Why do they grow poppy? One reason is that poppy uses one fifth of the amount of water as wheat. When the government forces encourage the farmers to grow wheat, or apricot, traditional crops, there is a climological impediment for the farmers making these decisions. Because they are suffering the worst drought in living memory and there is one crop within those conditions which is economically viable and that is the illegal poppy crop. There is one force in the country defending the right to do that, and that is the Taliban.

Along with all the nationalist questions, young Pashtun farmers in the south along with all the nationalist ideology that might motivate them to support the Taliban along with all the religious ideology that might cause them to support the Taliban, there is another very simple materialist reason, which is that these guys will defend your right to grow this illegal crop, and that is one of the only ways people can survive.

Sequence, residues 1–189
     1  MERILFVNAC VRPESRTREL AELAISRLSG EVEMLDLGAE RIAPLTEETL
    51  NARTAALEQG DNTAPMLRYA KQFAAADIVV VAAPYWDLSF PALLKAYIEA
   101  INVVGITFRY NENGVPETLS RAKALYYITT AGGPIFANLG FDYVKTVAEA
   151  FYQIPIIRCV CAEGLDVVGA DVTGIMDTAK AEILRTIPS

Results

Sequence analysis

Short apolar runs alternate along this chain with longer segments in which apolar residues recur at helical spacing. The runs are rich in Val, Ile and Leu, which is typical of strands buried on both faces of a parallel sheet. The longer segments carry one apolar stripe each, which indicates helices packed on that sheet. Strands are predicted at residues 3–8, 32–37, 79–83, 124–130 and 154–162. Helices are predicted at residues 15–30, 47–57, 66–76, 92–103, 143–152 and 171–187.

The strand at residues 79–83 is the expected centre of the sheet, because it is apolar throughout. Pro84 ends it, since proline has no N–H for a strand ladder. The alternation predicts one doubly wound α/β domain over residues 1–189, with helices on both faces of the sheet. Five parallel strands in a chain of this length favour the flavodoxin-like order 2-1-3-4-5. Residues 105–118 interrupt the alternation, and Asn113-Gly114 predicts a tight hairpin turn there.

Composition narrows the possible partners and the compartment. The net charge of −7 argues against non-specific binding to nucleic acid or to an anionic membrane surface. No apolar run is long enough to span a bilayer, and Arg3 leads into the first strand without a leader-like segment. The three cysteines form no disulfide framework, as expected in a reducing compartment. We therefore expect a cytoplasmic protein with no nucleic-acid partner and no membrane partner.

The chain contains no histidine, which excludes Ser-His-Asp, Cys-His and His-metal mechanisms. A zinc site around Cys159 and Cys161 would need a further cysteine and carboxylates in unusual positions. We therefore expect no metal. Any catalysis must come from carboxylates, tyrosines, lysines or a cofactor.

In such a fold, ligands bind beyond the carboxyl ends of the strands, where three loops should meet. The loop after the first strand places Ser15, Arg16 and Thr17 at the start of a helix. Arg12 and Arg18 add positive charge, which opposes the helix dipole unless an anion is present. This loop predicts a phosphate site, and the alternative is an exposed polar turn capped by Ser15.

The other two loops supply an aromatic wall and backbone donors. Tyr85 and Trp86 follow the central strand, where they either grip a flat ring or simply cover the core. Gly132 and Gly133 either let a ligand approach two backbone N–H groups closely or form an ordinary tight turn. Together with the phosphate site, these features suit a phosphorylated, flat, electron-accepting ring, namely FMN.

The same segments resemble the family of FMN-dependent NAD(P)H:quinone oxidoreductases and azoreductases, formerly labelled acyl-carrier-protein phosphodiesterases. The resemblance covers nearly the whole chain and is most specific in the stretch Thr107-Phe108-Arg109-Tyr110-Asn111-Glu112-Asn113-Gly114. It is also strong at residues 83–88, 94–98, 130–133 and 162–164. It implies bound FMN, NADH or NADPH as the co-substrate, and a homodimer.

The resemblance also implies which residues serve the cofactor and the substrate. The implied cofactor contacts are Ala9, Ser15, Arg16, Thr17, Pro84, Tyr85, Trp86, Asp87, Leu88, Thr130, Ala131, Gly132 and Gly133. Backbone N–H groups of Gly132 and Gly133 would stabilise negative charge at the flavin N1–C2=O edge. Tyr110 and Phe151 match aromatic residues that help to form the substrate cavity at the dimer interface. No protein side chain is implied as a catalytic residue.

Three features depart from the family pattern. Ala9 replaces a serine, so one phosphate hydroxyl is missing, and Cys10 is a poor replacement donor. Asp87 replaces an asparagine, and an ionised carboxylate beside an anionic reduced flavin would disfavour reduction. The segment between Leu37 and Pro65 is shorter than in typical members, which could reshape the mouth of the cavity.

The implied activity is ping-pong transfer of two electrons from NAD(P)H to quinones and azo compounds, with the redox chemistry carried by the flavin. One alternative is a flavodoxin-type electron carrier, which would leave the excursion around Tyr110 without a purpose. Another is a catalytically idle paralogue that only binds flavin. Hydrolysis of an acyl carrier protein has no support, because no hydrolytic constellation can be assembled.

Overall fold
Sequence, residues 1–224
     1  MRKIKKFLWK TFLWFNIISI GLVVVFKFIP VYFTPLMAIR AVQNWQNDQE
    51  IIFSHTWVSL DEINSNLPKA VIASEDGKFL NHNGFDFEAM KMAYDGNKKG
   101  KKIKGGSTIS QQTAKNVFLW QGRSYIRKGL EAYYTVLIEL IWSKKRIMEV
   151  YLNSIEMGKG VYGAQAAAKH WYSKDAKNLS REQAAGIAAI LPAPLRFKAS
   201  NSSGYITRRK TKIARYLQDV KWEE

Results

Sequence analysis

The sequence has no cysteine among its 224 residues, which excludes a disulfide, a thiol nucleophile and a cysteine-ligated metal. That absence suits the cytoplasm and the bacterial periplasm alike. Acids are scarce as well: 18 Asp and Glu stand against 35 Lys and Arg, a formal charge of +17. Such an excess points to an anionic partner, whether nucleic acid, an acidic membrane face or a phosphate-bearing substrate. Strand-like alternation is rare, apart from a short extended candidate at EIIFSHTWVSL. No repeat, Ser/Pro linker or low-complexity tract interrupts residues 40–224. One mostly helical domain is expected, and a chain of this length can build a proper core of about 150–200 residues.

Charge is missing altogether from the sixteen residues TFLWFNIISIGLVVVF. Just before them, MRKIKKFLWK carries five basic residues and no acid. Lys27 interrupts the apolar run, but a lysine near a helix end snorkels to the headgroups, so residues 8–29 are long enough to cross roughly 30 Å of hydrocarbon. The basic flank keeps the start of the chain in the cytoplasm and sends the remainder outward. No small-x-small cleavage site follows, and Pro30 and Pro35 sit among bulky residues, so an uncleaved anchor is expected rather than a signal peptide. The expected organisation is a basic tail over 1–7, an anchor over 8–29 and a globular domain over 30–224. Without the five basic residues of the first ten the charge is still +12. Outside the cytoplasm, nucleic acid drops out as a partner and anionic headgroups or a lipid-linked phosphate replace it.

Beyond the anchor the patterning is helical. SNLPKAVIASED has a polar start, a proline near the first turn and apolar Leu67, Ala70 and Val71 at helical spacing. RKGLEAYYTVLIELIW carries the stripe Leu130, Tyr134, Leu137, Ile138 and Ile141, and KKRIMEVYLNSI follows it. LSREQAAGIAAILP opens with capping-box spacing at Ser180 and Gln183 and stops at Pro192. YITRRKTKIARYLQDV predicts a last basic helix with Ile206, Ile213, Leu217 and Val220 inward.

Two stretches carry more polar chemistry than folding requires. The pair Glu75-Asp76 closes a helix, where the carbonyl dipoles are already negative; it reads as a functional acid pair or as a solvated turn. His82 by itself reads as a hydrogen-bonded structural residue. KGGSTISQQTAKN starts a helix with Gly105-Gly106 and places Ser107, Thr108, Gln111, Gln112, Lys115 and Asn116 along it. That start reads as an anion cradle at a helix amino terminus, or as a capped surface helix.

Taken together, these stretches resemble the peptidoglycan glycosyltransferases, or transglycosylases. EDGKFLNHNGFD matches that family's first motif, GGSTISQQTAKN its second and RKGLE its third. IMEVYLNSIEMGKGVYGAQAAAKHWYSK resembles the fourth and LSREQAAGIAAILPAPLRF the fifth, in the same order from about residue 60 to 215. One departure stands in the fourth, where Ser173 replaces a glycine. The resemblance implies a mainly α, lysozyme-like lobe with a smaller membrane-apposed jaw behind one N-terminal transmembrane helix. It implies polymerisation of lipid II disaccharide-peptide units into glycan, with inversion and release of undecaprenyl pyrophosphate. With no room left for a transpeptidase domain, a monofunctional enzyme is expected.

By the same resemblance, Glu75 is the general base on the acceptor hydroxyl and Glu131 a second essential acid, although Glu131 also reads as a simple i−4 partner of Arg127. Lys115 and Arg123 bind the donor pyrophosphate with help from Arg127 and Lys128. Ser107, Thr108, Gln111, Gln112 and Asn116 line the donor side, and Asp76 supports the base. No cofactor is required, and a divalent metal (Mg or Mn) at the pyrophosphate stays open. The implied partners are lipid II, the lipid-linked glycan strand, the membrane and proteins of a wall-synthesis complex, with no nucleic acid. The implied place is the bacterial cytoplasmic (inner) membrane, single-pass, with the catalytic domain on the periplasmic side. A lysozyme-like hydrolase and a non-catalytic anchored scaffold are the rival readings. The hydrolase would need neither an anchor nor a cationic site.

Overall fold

So it is an important contributing factor to why there are young men willing to fight. Why the war drags on and on.

I look at Latin America where there is an earlier history of neoliberalism that begins in the 1980s. But I also look at India. Since we just talked about Afghanistan lets go to India. In India, there is a Guerrilla war, the Naxalite collection of Maoist party, [that] has been fighting a war against the Indian state since 1969 and over the last ten years or so while there has also been increased drought in India, in particular in Eastern India. They moved out of areas where they began, in the northeast of India, moving down the eastern area, the mountain range of eastern India and you can see where drought extends the Naxalites soon follow.

Part of the explanation for that is India began liberalizing its economy in 1991. This has been associated with increased growth rate, etc, and the new class of billionaires in India, but the benefit of this growth has not been equally distributed.